I’m trying to blog about my experiences as much and as often as I can, but the days are quickly blurring into one. I think that is what happens when you don’t have much going on and your days blur from one spin class to a netflix binge to a restless sleep and back again.
So here has been what has been remarkable about the past week.
Friends in Strange Places
On Wednesday, my Ikea dresser finally arrived! (Yay for more space to put tshirts!) So I open the box, and I want to feel like an adult. I get my screwdriver my dad bought me, borrow a little hammer from my roommate, and lay the pieces together by their category.
Then I look at the directions. LOL.
The directions are all pictures. All pictures. Not a word in sight. (Though, Ikea usually gives their information in Swedish, right?)
No matter. I still think that I’ve got this. Adults put together furniture! I’ve moved to New York! On my own! If I can begin to conquer the world, surely I can begin by putting together a dresser.
Two hours later, I have stripped down to a sports bra and underwear, and I’m laden in a puddle of tears and sweat.
My talents in life are not going to include building dressers.
On the other hand, using Google is a big talent of mine. (I’d go as far as to say a big talent of many Millennials.) So I quickly call a company that promises they can put together the furniture in the next two hours. I even haggle the price down! (Dude wanted 85 bucks for dresser assembly. That was more than my dresser cost. So I turned on the thick Southern accent, and said something about how I could not see myself paying any cost above sixty dollars. We bargained at 65.)
So, I happily await my handyman’s arrival. Now, I don’t really know what I was expecting, but I was not expecting what I got. An attractive, 26 year old, Spanish man arrives at my door to fix my furniture.
And it turns out, he is potentially the nicest person I have talked to since arriving in New York. He asks me about why I moved, he gives me some advice for living in the city. He only makes fun of me a little for having put the dresser pieces on backwards. He tells me about his girlfriend. His nieces and nephews. (We share a love of our respective nieces and nephews.) He tells me about his girlfriend Jasmine. I tell him one of my best friend’s name is Jasmine. He asks me if I’m single. He’s shocked when I tell him I am. (Me too, buddy.)
All in all, he was a stellar dude to talk to. And it was nice to laugh. And have company. All brought together by the power of the very difficult to assemble Ikea furniture.
Social Social Workers
Around Tuesday of this week, a girl posted on Facebook that she would like to meet up with some people before school starts. Within seconds of her posting that, I jumped with glee, and promptly responded.
(There were some girls that were complaining about how it was too early, and they would rather get together in September. NO. NADA. NO. They were trying to crush all my HOPES AND DREAMS.)
Luckily, the girl responded to no such criticism, and we all met at a happy hour on the Upper West Side.
And it was SO FUN.
Social workers are such like minded people. We all immediately clicked. Talking, laughing, sharing stories, swapping numbers. There was one girl who had me laughing so hard I was clenching my side.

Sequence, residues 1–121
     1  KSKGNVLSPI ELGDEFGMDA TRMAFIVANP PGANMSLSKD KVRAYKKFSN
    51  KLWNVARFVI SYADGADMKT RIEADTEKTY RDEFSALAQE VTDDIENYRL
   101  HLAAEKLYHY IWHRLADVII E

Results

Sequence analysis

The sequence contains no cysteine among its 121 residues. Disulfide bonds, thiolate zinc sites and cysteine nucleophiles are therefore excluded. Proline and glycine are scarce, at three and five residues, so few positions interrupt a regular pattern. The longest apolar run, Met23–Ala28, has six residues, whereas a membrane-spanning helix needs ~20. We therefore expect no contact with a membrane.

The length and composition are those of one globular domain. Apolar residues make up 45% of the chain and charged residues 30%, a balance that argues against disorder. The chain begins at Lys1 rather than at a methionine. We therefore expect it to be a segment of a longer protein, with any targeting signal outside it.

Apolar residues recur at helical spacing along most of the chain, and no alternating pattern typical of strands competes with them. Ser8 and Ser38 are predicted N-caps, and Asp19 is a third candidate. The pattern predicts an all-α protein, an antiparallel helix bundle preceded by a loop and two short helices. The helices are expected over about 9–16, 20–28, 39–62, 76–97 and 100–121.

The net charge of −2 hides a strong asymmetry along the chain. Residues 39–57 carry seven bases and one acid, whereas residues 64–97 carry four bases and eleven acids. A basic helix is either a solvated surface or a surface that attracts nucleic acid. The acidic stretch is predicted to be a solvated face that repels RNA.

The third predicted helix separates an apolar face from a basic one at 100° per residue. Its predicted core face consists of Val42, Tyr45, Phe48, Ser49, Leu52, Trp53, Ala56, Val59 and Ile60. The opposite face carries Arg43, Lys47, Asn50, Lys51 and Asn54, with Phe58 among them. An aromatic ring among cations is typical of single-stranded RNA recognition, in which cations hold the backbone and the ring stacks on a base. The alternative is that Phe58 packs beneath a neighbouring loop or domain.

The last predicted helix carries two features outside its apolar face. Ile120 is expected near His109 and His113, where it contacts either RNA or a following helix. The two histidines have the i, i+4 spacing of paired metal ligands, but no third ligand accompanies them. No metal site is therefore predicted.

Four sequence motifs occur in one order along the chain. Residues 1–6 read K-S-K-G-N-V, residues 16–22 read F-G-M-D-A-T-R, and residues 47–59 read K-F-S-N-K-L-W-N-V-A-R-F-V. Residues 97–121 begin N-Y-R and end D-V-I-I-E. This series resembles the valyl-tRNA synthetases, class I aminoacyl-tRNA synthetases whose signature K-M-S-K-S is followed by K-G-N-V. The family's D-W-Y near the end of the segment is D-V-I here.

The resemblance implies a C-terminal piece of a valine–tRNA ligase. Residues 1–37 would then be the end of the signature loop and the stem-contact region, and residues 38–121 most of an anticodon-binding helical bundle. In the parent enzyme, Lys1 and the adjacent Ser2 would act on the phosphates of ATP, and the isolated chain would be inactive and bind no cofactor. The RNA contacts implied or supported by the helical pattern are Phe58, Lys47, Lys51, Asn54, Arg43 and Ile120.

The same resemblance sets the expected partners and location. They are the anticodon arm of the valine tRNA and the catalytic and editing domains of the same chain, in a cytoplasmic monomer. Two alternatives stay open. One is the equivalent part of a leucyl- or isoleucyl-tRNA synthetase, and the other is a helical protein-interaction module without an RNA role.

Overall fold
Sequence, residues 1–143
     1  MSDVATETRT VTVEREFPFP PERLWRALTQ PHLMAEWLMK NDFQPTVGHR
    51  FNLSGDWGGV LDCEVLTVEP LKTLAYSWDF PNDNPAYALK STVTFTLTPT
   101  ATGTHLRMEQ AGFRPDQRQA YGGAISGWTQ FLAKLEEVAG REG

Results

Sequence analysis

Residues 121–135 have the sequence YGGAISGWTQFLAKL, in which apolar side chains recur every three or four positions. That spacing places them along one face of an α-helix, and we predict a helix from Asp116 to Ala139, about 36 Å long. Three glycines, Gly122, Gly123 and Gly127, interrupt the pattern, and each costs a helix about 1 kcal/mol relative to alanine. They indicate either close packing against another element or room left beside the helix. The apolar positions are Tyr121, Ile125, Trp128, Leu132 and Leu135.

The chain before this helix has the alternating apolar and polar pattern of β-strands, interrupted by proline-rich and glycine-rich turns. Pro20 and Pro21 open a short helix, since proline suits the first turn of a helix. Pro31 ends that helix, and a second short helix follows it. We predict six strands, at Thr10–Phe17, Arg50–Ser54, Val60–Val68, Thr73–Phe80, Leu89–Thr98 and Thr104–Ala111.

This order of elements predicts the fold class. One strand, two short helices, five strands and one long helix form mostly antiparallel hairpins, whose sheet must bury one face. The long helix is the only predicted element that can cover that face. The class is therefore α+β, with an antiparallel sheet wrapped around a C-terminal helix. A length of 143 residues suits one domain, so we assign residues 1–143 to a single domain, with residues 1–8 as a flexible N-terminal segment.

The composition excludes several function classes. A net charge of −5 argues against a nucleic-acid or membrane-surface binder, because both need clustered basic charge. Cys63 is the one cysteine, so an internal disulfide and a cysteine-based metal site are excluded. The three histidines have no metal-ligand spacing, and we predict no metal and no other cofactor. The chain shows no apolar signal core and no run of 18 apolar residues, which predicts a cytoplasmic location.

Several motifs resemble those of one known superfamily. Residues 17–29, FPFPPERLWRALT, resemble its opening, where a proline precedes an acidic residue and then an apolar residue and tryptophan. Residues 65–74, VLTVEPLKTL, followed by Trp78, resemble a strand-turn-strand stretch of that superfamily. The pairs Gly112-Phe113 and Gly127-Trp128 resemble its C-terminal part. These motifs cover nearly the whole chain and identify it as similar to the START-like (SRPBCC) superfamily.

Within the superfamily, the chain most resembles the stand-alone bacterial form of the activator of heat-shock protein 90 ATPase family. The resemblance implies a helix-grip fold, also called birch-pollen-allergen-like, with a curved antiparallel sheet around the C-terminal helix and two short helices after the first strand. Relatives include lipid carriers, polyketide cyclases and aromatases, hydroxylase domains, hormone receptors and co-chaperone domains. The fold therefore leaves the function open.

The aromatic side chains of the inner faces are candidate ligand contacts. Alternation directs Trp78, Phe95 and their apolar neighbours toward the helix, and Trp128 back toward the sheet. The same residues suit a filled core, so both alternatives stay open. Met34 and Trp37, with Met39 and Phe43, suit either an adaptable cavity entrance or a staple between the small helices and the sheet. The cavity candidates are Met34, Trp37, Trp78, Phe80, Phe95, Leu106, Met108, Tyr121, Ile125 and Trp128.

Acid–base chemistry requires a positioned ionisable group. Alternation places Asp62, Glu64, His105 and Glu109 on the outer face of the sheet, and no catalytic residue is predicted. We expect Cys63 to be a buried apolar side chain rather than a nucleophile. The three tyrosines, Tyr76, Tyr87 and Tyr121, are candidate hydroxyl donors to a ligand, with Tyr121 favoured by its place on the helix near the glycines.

And it’s crazy because I began to feel less and less alone. One girl moved up from Idaho knowing only two people in the city. One from North Carolina. One from Arizona with a similar story.
By the end of the night, we were planning sleepovers and wine nights. Being thrown into this crazy experience can really just bring people together. I’m getting more and more glad that I chose Columbia.
So here’s the thing. In Nashville and Atlanta, you throw on some shorts and go to the store. Hair in a bun. Flip flops. What have you.
Well, I basically have to put full length pants on to walk down the street. I needed to run to the pharmacy to pick up something, and I didn’t feel 100%, so I threw on my Nike shorts, an oversized tee, some flip flops and headed on my merry way.
And I don’t look cute. At all.
(Here’s the thing. I’m a sweater. And New York is humid. So not only am I pouring sweat from what seems to be every pore (even places I did not know had pores), I am watching these little baby hairs that I have spring into action to form a lovely frizz crown atop my head.)
And I don’t mind. Judge me.
But as I made this trek to Duane Reade, I have to walk past the social work building. And as I do, twenty some odd girls pop out. I wanted nothing more than to say something about how I was so excited. I wanted to talk and make friends.
But as I see a sweat stain forming down my stomach, I can’t bring myself to do it.
I hear my mother in the back of my head: “Dorothy Ann. You need to put your best face forward. You never know who you will meet.”
She was right. (I shoulda put on a bra.)
Who Needs a Man?
So I have been doing a little dating in New York. I have never been the girl who dates, and I just want to! It’s fun. It’s meeting new people. It leads to an adventure. And some fun stories.
So this week, I had a couple of dates set up.
The first, I cancelled. It was about to rain. (So, I had held off on eating, and then sprinted to the store that is LITERALLY a block from my apartment. And the sky opened up right as I was about to leave. Once again, I was the girl drenched. I need an umbrella attached to my neck.)